Tree Farm Books





WILLIAM BULLITT

    It was Bullitt's zenith. There was a period of some months when the jocund and overactive United States Ambassador to the Third Republic had plenty of grounds for regarding himself as FDR's viceroy for Europe.
     He became an intimate of Leon Blum — whose "quicksilver intelligence" he sketched out for Roosevelt, set off by "the little fluttery gestures of the hyper-intellectual queer ones." In turn Edouard Deladier and Paul Renaud admitted Bullitt into their confidences. Embassy parties were spectacular.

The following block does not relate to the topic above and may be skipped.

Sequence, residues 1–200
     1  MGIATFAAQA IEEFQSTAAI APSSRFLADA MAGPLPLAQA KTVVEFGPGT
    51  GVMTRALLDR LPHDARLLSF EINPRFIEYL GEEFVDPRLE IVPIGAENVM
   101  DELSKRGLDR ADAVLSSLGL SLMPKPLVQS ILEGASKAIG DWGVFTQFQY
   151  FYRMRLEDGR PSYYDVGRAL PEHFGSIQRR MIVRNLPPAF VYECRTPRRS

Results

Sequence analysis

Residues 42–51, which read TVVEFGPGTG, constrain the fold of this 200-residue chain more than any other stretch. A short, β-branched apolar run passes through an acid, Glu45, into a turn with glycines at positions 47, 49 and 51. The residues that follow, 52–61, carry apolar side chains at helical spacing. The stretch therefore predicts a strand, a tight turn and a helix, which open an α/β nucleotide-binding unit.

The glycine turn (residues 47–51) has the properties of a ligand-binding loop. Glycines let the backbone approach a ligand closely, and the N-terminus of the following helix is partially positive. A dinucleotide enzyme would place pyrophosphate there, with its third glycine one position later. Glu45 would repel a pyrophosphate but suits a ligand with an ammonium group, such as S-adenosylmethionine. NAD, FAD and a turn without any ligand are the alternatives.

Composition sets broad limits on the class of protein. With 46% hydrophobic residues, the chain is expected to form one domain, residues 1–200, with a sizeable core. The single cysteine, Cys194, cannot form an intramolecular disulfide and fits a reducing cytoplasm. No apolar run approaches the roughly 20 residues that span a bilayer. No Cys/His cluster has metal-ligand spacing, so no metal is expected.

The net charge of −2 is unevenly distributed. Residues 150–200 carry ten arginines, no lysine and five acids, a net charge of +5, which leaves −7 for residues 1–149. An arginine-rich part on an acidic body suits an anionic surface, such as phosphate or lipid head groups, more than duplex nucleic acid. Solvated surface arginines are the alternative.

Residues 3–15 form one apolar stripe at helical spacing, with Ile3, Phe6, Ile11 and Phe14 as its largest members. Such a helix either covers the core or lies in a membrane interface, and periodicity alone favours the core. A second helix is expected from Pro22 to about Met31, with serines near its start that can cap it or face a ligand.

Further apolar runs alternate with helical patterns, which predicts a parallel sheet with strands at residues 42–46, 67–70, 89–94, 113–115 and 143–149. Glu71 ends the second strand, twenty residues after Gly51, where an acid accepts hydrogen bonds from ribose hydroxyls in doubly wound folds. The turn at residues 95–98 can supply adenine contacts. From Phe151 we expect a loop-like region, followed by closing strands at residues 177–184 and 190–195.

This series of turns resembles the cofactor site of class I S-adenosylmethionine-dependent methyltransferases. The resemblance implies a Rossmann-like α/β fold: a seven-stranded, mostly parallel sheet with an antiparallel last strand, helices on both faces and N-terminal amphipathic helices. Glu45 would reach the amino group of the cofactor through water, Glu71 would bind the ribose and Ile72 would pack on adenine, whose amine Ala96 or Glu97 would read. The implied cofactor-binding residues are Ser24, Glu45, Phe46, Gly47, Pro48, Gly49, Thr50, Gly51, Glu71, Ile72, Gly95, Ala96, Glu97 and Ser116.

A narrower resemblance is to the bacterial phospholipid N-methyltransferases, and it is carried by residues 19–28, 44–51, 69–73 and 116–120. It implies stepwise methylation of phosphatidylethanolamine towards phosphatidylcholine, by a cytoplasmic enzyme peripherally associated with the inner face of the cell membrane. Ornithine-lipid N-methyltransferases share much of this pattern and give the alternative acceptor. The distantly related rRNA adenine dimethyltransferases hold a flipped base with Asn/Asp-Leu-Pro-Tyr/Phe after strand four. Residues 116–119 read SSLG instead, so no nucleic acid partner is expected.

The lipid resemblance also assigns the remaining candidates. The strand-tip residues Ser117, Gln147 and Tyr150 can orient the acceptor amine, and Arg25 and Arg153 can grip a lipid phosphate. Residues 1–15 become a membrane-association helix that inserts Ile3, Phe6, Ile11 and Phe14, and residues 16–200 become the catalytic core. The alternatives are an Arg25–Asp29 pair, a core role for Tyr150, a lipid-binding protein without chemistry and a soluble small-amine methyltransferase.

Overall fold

So bald, so pink — Bullitt played the jackanapes, the nabob with impunity enough to carry it off. Whenever he was displeased or overjoyed a kind of deep spreading blush rose slowly to dominate his high, glistening temples, sometimes reflecting the scarlet of the blood-red carnations he affected in his hand-stitched buttonhole. These he discarded immediately once he detected wilting — like his many political enthusiasms, carpers around Roosevelt gibed. [p. 53]




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